Karnataka came out with a 20-year record turnout of 70.23 per cent polling on Sunday, indicating a decisive mandate for the next government. Bangalore Urban, however, saw the lowest voting with 52 per cent polling, while Bangalore Rural recorded the highest with 77.95 per cent.
The general trend predicted by exit polls conducted by various organisations is that the Congress will return to rule Karnataka with a “near majority” after a gap of eight years.
The actual outcome, however, will be known only after the counting of votes on Wednesday. Most exit polls conducted during the voting said the Congress would win 100-118 seats in the 224-member Assembly,. However, two prominent Kannada news channels gave the Congress 95 to 106 seats, which is less that the simple majority of 113. These results show that the voters of Karnataka, after two hung Assemblies, want a stable, single-party government. The voters also do not seem to be bothered by the Congress hara-kiri in candidate selection and the possible fight for the Chief Minister’s post.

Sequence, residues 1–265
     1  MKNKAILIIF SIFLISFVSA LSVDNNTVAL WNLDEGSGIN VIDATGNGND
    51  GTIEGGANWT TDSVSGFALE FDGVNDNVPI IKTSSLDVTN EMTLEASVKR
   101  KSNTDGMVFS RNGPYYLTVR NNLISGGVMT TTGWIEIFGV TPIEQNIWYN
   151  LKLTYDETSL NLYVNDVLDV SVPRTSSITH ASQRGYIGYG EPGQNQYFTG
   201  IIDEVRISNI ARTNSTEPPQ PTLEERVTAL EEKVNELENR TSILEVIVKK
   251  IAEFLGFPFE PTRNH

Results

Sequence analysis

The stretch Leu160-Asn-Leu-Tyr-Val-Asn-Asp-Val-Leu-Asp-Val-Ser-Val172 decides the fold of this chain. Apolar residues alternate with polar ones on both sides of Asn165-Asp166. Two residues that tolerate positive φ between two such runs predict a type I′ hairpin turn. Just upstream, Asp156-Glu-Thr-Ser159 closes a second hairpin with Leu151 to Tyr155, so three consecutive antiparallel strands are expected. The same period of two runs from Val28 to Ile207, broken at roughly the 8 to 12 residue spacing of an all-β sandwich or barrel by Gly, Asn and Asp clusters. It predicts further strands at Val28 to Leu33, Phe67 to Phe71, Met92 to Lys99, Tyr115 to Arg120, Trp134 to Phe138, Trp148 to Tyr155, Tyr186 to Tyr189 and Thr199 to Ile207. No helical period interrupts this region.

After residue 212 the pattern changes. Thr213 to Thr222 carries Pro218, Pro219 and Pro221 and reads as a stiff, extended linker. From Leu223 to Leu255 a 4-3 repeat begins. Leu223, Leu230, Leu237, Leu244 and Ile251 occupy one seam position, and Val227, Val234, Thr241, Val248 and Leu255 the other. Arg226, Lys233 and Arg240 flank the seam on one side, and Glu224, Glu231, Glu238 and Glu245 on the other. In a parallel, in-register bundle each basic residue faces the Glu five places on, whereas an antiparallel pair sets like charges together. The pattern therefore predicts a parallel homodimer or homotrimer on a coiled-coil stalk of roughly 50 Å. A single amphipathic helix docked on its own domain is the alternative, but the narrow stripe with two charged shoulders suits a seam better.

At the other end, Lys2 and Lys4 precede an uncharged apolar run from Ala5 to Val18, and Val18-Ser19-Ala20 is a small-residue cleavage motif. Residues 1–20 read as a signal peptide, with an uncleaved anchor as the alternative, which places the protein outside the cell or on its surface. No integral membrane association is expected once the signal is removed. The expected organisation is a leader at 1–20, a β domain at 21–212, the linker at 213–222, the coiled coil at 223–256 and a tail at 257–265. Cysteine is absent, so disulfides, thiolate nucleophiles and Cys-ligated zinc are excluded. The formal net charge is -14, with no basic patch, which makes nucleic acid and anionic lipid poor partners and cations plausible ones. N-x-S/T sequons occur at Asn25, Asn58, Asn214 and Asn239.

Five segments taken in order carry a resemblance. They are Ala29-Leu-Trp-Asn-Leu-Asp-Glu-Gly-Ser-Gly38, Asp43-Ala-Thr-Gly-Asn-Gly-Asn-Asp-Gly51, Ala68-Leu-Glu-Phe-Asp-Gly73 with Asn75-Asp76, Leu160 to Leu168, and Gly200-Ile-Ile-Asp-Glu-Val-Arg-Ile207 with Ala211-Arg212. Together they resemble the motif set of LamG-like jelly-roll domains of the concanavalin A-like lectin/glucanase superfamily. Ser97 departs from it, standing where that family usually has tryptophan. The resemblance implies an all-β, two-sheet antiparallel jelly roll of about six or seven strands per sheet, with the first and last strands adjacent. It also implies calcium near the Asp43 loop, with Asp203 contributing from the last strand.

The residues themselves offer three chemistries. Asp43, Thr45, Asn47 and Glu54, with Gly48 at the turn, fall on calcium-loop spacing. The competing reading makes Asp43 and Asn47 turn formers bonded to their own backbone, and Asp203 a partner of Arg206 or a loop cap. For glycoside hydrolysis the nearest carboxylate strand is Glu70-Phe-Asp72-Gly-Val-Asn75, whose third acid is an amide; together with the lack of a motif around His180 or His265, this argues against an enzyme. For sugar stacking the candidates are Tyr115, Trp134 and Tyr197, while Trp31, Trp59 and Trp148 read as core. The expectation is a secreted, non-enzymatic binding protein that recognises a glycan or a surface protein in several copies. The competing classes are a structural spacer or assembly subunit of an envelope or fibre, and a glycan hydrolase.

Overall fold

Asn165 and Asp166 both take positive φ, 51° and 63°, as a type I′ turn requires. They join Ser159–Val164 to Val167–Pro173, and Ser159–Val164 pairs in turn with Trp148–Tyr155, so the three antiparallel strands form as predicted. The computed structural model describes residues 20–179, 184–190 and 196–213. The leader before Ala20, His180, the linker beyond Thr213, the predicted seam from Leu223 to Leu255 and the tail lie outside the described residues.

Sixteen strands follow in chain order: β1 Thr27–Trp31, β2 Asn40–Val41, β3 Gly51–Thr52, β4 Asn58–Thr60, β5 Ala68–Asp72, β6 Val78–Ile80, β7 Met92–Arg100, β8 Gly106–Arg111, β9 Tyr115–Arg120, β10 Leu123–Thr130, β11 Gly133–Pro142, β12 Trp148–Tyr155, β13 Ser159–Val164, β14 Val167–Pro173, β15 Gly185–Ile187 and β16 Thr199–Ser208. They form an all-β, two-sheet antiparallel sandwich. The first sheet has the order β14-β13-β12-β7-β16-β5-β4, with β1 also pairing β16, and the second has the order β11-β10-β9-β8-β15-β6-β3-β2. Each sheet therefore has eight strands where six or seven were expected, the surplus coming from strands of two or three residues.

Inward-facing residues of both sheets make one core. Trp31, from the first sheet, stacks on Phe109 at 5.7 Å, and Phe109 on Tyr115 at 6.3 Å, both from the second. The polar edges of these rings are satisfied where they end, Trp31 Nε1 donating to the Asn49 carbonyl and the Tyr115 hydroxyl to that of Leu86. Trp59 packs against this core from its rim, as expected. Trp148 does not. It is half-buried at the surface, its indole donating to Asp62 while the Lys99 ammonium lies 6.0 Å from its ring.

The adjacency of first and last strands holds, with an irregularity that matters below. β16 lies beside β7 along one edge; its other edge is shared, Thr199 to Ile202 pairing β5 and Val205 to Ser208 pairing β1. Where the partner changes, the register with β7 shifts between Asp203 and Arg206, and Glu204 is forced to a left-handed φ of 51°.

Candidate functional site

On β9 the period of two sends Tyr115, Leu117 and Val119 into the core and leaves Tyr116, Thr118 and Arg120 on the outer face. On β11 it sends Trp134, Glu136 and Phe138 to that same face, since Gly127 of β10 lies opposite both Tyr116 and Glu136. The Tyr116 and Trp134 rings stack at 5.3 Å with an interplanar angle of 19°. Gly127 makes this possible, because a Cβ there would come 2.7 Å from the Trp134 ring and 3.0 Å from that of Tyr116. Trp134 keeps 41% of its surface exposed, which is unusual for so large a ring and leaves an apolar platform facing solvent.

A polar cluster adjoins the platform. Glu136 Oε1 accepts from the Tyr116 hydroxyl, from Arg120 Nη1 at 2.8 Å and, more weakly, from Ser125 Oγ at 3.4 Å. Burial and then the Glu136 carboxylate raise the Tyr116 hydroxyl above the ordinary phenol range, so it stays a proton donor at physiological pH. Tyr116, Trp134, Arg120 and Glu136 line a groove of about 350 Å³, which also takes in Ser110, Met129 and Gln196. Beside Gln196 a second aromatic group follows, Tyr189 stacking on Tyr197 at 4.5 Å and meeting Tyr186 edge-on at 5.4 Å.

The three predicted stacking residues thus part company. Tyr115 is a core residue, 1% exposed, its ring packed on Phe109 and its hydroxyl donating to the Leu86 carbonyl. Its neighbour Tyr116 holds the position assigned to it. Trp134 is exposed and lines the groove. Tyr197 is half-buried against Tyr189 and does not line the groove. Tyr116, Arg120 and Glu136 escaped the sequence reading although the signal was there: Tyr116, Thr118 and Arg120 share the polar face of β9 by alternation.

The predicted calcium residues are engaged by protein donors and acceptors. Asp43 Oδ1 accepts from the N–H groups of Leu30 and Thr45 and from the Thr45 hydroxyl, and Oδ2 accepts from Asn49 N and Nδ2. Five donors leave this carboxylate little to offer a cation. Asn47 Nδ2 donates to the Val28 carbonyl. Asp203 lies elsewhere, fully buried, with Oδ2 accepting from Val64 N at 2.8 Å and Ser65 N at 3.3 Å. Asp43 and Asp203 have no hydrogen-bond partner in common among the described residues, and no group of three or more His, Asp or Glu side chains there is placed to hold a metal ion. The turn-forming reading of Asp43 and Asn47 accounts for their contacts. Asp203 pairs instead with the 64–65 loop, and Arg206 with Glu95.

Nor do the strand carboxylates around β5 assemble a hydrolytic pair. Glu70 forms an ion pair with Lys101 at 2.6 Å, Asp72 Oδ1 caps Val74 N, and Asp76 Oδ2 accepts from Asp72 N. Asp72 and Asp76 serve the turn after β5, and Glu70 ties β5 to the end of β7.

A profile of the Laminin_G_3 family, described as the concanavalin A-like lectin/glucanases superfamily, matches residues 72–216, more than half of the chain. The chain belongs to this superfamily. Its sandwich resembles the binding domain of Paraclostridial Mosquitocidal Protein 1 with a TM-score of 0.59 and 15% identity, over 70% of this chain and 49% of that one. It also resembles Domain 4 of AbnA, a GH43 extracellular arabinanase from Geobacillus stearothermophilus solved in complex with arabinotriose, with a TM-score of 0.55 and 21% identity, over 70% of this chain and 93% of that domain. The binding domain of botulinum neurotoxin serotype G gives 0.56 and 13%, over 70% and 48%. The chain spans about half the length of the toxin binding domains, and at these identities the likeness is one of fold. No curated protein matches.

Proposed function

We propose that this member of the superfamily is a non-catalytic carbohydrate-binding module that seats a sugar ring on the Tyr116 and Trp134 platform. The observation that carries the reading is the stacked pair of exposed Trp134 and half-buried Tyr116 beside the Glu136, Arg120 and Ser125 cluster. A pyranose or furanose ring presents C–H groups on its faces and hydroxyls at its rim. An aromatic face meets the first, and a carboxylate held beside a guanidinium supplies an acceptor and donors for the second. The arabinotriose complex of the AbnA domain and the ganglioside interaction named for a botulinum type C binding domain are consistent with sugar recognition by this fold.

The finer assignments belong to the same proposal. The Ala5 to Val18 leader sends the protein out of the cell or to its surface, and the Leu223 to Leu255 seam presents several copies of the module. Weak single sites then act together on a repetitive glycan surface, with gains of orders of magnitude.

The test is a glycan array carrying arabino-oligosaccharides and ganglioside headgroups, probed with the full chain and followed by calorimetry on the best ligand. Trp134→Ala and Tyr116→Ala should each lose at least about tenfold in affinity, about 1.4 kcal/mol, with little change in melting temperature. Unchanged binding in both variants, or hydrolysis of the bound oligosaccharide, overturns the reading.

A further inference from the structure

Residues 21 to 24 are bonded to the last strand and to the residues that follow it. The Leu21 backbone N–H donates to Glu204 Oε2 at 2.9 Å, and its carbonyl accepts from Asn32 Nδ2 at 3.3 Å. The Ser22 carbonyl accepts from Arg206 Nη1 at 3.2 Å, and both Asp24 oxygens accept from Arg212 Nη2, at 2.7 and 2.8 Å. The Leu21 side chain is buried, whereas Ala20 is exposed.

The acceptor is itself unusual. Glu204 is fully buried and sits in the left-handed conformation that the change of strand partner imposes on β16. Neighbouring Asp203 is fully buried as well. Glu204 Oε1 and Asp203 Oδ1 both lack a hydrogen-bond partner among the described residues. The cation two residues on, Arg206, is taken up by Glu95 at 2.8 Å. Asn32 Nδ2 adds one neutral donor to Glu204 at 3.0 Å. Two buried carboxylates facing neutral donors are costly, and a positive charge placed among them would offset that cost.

As expected, the big loser is the ruling BJP which, according to the exit polls, would lose almost half its seats — from 110 in 2008 to 45-55 seats, now. An anti-incumbency wave combined with the exits of B S Yeddyurappa and B Sriramulu, allegations of corruption, sex scandals and infighting seem to have taken a toll on the saffron party.
The H D Deve Gowda-led JD(S) looks likely to improve its tally by about 4-10 seats. This will impact its desire to play a crucial role in the formation of the next government.
The BJP splinter groups — Yeddyurappa’s KJP and the BSR Congress of B Sriramulu — seem to be succeeding in their mission to defeat the BJP. But exit poll results show they do not have much to boast about. The KJP is likely to win 8-15 seats and the BSR Congress 1-2, exit polls say. Voting in the State was peaceful barring a few stray incidents of violence. In Kolar, some persons, said to be Congress supporters, were seen walking near a polling station brandishing weapons.